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Jewish Calendar & Holy Days

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Plan now for the year ahead

Not sure when the next Jewish festival or holy day starts? Our handy calendar will help you plan ahead.

Did you know that we also have Shabbat Times for Melbourne, Victoria at the bottom of our page. Just scroll down to see this week's Shabbat times.

Note : All Jewish holidays begin at sundown the evening before the date shown below.

FESTIVAL/HOLY DAY 2017/2018
5777/5778
2018/2019
5778/5779
Rosh Hashana September 21-22 September 10-11
Yom Kippur September 30 September 19
Succot October 5-11 September 24-30
Shemini Atzeret October 12 October 1
Simchat Torah October 13 October 2
Chanukah December 13-20 December 3-10
Tu B'Shvat January 31, 2018 January 21, 2019
Purim March 1 March 21
Pesach March 31-April 7 April 20-27
Yom Hashoah April 12 May 2
Yom Hazikaron April 18 May 8
Yom Ha'atzmaut April 19 May 9
Lag B'Omer May 3 May 23
Yom Yerushalayim May 13 June 2
Shavuot May 20-21 June 9-10
Tisha B'Av July 22 August 11

 

Rosh Hashana

The Jewish New Year is a two-day festival celebrated by prayers at synagogue and by shared family meals. It is customary to eat apple dipped in honey. Both days of this festival are holy days of rest, on which various works are forbidden.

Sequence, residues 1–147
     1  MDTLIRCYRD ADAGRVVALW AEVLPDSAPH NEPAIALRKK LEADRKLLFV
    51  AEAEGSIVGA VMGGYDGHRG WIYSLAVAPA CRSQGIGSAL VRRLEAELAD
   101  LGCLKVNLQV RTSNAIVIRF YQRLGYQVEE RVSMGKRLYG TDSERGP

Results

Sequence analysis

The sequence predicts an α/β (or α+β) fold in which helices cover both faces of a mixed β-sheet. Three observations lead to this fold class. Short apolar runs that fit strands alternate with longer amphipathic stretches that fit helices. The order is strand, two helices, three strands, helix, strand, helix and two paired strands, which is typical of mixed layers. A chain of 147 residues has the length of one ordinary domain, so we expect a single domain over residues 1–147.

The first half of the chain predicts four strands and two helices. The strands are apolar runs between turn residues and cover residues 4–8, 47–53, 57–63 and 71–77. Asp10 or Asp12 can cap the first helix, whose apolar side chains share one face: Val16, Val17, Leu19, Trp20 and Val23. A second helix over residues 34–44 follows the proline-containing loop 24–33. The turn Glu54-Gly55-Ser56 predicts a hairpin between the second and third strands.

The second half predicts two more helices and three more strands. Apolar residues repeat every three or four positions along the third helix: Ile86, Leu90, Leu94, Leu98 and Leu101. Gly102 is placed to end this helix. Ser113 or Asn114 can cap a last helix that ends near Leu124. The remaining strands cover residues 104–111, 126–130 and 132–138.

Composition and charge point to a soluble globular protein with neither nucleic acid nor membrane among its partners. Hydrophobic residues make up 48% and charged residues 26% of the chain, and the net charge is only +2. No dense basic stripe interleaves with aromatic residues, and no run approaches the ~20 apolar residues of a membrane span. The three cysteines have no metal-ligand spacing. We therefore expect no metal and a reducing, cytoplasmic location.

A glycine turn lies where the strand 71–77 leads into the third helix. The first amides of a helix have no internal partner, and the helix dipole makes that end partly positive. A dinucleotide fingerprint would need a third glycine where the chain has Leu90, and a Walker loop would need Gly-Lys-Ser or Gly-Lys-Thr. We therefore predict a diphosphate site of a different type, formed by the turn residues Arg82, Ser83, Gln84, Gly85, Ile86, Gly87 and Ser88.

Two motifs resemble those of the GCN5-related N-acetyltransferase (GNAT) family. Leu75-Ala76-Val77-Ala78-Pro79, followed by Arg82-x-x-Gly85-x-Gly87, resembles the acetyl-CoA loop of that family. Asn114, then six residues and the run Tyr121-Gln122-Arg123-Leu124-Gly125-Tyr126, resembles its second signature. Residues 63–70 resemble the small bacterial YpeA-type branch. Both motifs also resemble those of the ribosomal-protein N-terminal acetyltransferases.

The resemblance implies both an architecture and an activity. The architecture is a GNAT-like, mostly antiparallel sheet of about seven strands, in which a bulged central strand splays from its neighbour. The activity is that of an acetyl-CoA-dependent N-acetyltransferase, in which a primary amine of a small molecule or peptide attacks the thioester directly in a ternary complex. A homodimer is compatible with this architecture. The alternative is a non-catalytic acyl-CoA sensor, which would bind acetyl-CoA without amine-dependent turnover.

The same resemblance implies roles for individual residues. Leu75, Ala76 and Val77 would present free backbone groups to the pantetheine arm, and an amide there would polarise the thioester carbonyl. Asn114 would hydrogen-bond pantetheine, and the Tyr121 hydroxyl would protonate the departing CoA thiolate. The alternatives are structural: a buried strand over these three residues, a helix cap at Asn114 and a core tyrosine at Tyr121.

Yom Kippur

This is an evening and day of fasting spent in prayer at synagogue. Yom Kippur is a day of atonement and is considered a holy day of rest on which various works are forbidden.

Succot

This is a nine-day festival celebrating the travels of the Jewish nation in the desert en-route to Israel. During the first eight days of this festival meals are eaten in outdoor huts with covers made of tree branches called ‘Succahs’. It is also celebrated by shaking the ‘Four Kinds’ of plants. The last day of this festival is called Simchat Torah, when reading of the Torah Scroll is celebrated. The first and last two days of this festival are holy days of rest, when prayer services are held and various works are forbidden.

Shemini Atzeret

It directly follows the festival of Succot which is celebrated for seven days, and thus Shemini Atzeret is literally the eighth day. It is a separate—yet connected—holy day devoted to the spiritual aspects of the festival of Succot. Shemini Atzeret means the “Eighth Day of Assembly."